Doc Tanner: Victim or Murderer?

On January 1, 1898, Doc Tanner shot and killed two of his partners. After five hours of deliberation, a miners' court condemned him to death by hanging at dawn. Although he died at Hangtown at 9am on January 2nd, the memory of Doc Tanner strongly influenced participants on the Valdez Gold Rush Trail.

Was he a murderer or a victim? W.S. Amy, who later became mayor of Valdez, claimed Doc Tanner was the third man he'd helped to hang. The man was clearly guilty of murder. Prohibitionist Copper River Joe describes Tanner as a drunk and cold blooded murder. He deserved to be hung.

But others disagreed. Charles Hubbard, who met Tanner while the Witch City Mining Company was at Orca, said Tanner was a mild man who neither smoked, swore or drank. Hubbard blamed the Pacific Steam Whaling Company for their false advertising of the Copper River Route. Their greedy deception was the root cause of Call, Lee and Doc Tanner's deaths.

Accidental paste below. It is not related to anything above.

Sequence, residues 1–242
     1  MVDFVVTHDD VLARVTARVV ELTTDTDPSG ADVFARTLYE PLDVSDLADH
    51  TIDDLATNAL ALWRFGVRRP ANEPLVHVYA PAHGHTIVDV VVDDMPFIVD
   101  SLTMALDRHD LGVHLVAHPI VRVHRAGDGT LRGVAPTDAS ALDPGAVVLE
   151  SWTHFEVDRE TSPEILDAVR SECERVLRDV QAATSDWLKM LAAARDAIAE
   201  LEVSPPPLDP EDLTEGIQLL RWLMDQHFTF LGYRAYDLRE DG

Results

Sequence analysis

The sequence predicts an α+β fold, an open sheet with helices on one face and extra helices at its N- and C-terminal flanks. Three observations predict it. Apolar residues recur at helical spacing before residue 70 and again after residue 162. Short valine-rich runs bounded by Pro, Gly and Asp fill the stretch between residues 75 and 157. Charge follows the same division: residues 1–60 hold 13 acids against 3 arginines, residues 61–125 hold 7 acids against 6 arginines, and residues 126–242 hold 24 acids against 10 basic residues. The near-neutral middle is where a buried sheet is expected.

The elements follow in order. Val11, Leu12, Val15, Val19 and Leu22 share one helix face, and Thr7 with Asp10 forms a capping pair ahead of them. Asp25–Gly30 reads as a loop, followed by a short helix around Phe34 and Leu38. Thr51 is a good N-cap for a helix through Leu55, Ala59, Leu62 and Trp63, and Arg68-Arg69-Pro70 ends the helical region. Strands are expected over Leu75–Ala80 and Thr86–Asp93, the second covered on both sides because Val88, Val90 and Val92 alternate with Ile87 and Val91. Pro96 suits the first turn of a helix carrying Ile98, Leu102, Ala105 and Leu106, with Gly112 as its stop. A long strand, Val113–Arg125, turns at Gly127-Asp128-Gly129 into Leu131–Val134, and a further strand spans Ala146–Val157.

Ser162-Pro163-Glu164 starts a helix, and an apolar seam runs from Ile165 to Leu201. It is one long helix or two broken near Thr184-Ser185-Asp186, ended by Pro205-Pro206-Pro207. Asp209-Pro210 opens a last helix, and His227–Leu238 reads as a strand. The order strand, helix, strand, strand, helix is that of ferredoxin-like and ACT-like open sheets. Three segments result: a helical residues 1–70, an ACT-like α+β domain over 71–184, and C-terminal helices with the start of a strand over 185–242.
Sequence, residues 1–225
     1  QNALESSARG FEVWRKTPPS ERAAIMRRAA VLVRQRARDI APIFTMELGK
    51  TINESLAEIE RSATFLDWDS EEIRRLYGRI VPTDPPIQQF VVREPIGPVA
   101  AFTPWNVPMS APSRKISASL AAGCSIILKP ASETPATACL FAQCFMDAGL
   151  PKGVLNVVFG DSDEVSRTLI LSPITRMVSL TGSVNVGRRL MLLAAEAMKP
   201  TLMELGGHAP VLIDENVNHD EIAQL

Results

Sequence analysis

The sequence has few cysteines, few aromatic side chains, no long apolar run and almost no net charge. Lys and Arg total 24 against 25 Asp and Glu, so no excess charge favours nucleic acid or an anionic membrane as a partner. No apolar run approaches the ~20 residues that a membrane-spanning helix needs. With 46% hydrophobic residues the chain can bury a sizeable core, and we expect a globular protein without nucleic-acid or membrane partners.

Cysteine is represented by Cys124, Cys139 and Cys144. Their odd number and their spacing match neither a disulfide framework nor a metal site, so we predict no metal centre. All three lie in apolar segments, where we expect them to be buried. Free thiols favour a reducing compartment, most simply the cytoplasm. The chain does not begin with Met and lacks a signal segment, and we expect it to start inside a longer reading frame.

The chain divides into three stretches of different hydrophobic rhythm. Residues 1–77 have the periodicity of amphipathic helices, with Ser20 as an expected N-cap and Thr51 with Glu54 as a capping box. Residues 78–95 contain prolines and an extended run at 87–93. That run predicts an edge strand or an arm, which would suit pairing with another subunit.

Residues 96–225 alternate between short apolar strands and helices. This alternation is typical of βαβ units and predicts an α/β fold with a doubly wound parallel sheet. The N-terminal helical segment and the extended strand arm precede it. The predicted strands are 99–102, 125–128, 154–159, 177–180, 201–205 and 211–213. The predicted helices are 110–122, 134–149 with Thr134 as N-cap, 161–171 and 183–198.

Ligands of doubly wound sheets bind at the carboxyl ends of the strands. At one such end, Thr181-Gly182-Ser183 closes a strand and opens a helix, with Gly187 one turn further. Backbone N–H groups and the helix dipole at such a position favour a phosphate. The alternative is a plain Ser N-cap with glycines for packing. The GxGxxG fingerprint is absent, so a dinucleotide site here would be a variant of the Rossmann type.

Addison Powell, who arrived after the hanging, recreates the episode in his Trailing and Camping in Alaska . He, too, saw Tanner as the victim. Powell's account makes a compelling argument for the injustice done to the poor man, the underdog.

Whether Doc Tanner was a victim or a murderer, everyone who arrived at the Valdez trailhead knew of his hanging and knew that, unlike Skagway, the Valdez gold rush trail was a law and order route.


(Addison Powell's, Trailing and Camping in Alaska, has been reprinted by Prince William Sound Books and is available in local bookstores).

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© Copyright 1998 Nancy Lethcoe and Virtual Valdez. This page is a Valdez Gold Rush site.